Chap 17 Solns-6E - CHAPTER 17 CORROSION AND DEGRADATION OF...

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CHAPTER 17 CORROSION AND DEGRADATION OF MATERIALS PROBLEM SOLUTIONS 17.1 (a) Oxidation is the process by which an atom gives up an electron (or electrons) to become a cation. Reduction is the process by which an atom acquires an extra electron (or electrons) and becomes an anion. (b) Oxidation occurs at the anode; reduction at the cathode. 17.2 (a) This problem asks that we write possible oxidation and reduction half-reactions for magnesium in various solutions. (i) In HCl Mg Mg 2+ + 2e - (oxidation) 2H + - H 2 (reduction) (ii) In an HCl solution containing dissolved oxygen Mg Mg 2+ - (oxidation) 4H + + O 2 + 4e - 2H 2 O (reduction) (iii) In an HCl solution containing dissolved oxygen and Fe 2+ ions Mg Mg 2+ - (oxidation) 4H + 2 - 2H 2 O (reduction) Fe 2+ - Fe (reduction) 1
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(b) The magnesium would probably oxidize most rapidly in the HCl solution containing dissolved oxygen and Fe 2+ ions because there are two reduction reactions that will consume electrons from the oxidation of magnesium. 17.3 Iron would not corrode in water of high purity because all of the reduction reactions, Equations (17.3) through (17.7), depend on the presence of some impurity substance such as H + or M n+ ions or dissolved oxygen. 17.4 (a) The Faraday constant is just the product of the charge per electron and Avogadro's number; that is F = eN A = 1.602 x 10 -19 C/electron () 6.023 x 10 23 electrons/mol ( ) = 96,488 C/mol (b) At 25 ° C (298 K), RT nF ln(x) = (8.31 J/mol - K)(298 K) (n)(96,500 C /mol) (2.303) log(x) = 0.0592 n log (x) This gives units in volts since a volt is a J/C. 17.5 (a) We are asked to compute the voltage of a nonstandard Cd-Fe electrochemical cell. Since iron is lower in the emf series (Table 17.1), we begin by assuming that iron is oxidized and cadmium is reduced, as Fe + Cd 2+ Fe 2+ +Cd and V = (V Cd o V Fe o ) 0.0592 2 log [Fe 2 + ] [Cd 2 + ] 0.403 V ( 0.440 V) [] 0.0592 2 log 0.40 2x10 3 2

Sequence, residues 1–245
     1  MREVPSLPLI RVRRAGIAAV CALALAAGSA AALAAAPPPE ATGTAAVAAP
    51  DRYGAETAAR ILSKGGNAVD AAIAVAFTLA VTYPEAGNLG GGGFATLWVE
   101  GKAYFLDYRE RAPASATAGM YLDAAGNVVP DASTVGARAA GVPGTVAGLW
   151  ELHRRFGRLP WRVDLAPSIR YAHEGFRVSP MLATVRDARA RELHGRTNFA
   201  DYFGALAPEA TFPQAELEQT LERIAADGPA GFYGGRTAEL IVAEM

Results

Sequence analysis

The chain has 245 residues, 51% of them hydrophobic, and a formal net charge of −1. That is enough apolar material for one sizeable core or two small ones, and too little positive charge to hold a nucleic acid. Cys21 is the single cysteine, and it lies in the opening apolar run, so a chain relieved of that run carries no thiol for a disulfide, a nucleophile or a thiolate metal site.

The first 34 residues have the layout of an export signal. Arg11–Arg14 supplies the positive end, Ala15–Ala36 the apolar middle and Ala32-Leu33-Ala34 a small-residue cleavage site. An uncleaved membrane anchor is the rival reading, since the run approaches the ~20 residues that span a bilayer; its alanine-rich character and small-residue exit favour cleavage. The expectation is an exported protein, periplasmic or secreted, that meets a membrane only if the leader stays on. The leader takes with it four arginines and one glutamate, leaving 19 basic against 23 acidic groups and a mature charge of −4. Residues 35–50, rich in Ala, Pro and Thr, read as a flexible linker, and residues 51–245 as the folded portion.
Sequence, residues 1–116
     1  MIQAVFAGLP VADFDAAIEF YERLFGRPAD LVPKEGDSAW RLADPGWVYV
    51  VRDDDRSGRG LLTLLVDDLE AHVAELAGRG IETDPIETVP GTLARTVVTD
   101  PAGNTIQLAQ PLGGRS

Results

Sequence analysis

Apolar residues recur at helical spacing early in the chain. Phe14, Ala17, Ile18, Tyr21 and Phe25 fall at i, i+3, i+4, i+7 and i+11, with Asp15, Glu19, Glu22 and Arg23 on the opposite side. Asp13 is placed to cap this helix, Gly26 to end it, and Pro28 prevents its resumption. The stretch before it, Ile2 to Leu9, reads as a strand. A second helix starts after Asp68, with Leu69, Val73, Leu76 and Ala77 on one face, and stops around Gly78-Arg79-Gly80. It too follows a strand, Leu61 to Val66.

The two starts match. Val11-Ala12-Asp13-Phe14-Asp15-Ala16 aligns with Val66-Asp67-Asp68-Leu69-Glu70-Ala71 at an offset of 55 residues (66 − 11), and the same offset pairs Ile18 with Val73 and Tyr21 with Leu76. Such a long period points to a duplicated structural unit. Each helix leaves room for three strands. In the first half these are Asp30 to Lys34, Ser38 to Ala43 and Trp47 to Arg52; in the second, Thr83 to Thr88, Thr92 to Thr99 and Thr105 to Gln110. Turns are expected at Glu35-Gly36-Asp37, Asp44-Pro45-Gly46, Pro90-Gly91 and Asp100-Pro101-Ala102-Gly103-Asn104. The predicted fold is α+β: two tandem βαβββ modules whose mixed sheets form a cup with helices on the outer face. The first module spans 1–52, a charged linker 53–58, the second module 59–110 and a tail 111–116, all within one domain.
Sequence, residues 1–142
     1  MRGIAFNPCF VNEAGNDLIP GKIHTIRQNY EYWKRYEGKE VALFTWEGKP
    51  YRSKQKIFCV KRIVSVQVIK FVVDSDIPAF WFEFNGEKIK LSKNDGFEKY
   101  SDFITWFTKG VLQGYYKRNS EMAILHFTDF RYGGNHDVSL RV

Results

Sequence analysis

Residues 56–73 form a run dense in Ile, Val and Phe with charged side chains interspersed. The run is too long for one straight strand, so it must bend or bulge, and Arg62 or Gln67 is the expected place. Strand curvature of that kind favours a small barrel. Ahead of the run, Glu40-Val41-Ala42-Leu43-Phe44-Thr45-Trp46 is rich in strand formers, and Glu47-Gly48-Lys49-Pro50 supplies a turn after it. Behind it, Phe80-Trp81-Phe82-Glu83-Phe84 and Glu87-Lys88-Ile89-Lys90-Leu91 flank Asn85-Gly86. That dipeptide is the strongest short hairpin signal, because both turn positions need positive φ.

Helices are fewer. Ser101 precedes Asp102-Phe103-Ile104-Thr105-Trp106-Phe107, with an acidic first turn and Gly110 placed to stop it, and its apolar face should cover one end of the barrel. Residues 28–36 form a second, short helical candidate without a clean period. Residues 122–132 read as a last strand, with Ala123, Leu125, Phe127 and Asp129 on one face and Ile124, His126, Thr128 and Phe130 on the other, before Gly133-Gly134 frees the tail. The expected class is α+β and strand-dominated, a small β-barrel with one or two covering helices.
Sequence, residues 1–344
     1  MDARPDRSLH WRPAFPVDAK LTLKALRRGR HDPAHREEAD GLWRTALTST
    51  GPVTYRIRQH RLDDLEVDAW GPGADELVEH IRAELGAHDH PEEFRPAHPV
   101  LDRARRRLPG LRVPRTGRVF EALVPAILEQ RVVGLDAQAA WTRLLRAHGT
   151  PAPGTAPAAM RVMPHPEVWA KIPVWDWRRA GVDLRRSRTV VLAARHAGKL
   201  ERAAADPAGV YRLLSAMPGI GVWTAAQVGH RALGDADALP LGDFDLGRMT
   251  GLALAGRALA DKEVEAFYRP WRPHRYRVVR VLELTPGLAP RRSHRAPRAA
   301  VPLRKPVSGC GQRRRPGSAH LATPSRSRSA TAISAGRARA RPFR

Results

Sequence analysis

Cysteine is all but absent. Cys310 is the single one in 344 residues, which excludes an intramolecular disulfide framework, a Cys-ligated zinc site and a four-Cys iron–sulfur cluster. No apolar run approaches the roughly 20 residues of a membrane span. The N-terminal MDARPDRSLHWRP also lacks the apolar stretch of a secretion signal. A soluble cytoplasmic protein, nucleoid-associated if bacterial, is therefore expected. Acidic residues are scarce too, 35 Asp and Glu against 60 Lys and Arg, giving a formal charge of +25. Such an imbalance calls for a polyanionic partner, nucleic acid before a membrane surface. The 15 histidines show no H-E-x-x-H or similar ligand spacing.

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= -0.031 V (b) Since this V is negative, the spontaneous cell direction is just the reverse of that above, or Fe 2+ + Cd Fe + Cd 2+ 17.6 This problem calls for us to determine whether or not a voltage is generated in a Zn/Zn 2+ concentration cell, and, if so, its magnitude. Let us label the Zn cell having a 1.0 M Zn 2+ solution as cell 1, and the other as cell 2. Furthermore, assume that oxidation occurs within cell 2, wherein = 10 -2 M. Hence, Zn 2 2 + Zn 2 + Zn 1 2+ Zn 2 2+ +Zn 1 and V = 0.0592 2 log Zn 2 2 + [ ] Zn 1 2 + [ ] = 0.0592 2 log 10 2 1.0 = + 0.0592 V Therefore, a voltage of 0.0592 V is generated when oxidation occurs in the cell having the Zn 2+ concentration of 10 -2 M. 17.7 We are asked to calculate the concentration of Pb 2+ ions in a copper-lead electrochemical cell. The electrochemical reaction that occurs within this cell is just Pb + Cu 2+ Pb 2+ +Cu while V = 0.507 V and [Cu 2+ ] = 0.6 M. Thus, Equation (17.20) is written in the form V = V Cu o V Pb o () 0.0592 2 log [Pb 2 + ] [Cu 2 + ] Solving this expression for [Pb 2+ ] gives 3
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[Pb 2+ ] = [Cu 2+ ] exp (2.303) V V Cu o V Pb o ( ) 0.0296 The standard potentials from Table 17.1 are = +0.340 V and = -0.126 V. Therefore, V Cu o V Pb o [Pb 2+ ] = (0.6 M) exp (2.303) 0.507 V (0.340 V + 0.126 V) 0.0296
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Chap 17 Solns-6E - CHAPTER 17 CORROSION AND DEGRADATION OF...

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